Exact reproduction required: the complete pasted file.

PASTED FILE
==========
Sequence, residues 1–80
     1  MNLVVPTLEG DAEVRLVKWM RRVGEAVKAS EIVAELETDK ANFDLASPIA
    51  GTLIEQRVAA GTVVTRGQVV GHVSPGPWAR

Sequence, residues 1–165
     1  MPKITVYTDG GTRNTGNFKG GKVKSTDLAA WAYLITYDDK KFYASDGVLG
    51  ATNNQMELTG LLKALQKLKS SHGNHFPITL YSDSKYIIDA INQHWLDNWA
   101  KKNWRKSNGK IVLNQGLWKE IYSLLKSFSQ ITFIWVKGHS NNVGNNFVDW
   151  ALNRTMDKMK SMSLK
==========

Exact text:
Sequence, residues 1–80
     1  MNLVVPTLEG DAEVRLVKWM RRVGEAVKAS EIVAELETDK ANFDLASPIA
    51  GTLIEQRVAA GTVVTRGQVV GHVSPGPWAR

Sequence, residues 1–165
     1  MPKITVYTDG GTRNTGNFKG GKVKSTDLAA WAYLITYDDK KFYASDGVLG
    51  ATNNQMELTG LLKALQKLKS SHGNHFPITL YSDSKYIIDA INQHWLDNWA
   101  KKNWRKSNGK IVLNQGLWKE IYSLLKSFSQ ITFIWVKGHS NNVGNNFVDW
   151  ALNRTMDKMK SMSLK